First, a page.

Many years ago I was in Argentina and visited his hometown of Santa Fe. One afternoon I strolled around the Barranquitas neighborhood, where Monzon grew up and where you can see the ever familiar reality of 3rd world life. The unholy trinity of poverty, violence and drugs...They say the place hasn't changed much since Monzon was a 12 year old helping the household economy selling newspapers and cigarrettes on the streets. The spot where he sold these was right across from the "Union" soccer stadium, so business was good, specially on matchdays..this meant that he had to literally fight for a spot every other paperboy in town wanted. So apparently that's where the star was born. The gym he joined when he was 16 is only about 5 blocks from that place. This is also the place where he met his first and only trainer, Amilcar Brusa, himself a legend in Argentina.

The story goes on and we all know how it ended...Monzon's life is truly a screenwriter's dream, from my perspective even more dramatic than the candid "Cinderella Man". A few months before his death and while he was still in prison his longtime friend Alain Delon had talked to him about the possibility of shooting Carlos Monzon, the movie, but it never materialized.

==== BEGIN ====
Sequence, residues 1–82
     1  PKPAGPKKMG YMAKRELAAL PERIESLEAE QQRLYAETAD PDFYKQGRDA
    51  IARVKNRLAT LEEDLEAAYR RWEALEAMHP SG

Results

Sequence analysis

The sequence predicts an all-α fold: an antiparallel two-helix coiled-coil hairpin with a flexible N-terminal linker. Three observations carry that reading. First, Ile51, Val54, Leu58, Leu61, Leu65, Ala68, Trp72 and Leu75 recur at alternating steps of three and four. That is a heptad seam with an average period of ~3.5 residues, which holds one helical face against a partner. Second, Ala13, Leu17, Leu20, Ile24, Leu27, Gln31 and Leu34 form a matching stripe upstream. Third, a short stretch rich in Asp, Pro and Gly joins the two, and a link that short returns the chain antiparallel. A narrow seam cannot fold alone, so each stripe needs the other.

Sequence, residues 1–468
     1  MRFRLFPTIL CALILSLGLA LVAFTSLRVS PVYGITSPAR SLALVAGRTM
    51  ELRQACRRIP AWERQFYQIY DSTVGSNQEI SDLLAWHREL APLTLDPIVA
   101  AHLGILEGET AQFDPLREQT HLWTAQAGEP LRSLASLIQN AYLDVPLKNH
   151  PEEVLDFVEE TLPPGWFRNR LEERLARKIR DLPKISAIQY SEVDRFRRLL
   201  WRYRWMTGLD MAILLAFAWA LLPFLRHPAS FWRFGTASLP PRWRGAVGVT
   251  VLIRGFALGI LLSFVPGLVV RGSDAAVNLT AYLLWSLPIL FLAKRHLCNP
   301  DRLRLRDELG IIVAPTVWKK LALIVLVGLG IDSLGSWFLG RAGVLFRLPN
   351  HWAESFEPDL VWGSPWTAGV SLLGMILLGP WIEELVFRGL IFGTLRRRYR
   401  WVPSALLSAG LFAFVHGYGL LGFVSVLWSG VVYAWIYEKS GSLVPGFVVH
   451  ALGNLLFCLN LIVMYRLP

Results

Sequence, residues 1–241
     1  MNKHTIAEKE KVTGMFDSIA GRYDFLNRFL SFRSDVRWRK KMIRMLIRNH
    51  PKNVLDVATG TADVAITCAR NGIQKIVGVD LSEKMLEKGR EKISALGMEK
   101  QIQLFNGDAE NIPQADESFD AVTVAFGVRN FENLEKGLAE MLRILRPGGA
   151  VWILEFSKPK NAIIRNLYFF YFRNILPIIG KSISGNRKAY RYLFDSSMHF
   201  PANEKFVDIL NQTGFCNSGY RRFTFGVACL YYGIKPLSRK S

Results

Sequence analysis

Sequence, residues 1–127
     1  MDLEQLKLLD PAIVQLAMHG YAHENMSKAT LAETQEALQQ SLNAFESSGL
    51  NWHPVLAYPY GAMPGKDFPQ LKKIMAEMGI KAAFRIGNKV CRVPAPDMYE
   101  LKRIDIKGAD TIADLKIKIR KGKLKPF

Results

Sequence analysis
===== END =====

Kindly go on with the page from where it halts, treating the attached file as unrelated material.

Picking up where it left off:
I think the fact that he was from a foreign country and virtually overlooked by mainstream boxing have a lot to do with what HEGrant is complaining about: For those in the U.S. who have admired his quality as a boxer there is very little they can find about Carlos Monzon, the man.

08-01-2005, 10:10 AM
Thank you for that info.

08-01-2005, 10:41 AM
I loved Monzon as he was Champion when I was a kid. I always felt kind of possesive about him-particularly during the Hagler era and later with Hopkins. I rate him as the Best Middleweight Ever-bar none. The guy had Matinee Idol rugged looks to go along with his machismo. But; there is no doubt denying he was not a good person outside the squared circle. He was a gangster, a woman beater, and a murderer. He pimped a string of girls early on and would give them beatings and savagely rape them if he caught them holding out on him. The fellow was just not a good person-but I loved him as a fighter and Champion. Emile Griffith said of him: "He was a mean and nasty person who would spit in your eye!". I don't think a movie could be made about the guy that could gloss over his criminal history and would not be appealing to anyone except us hardcore fight fans. Just my thoughts.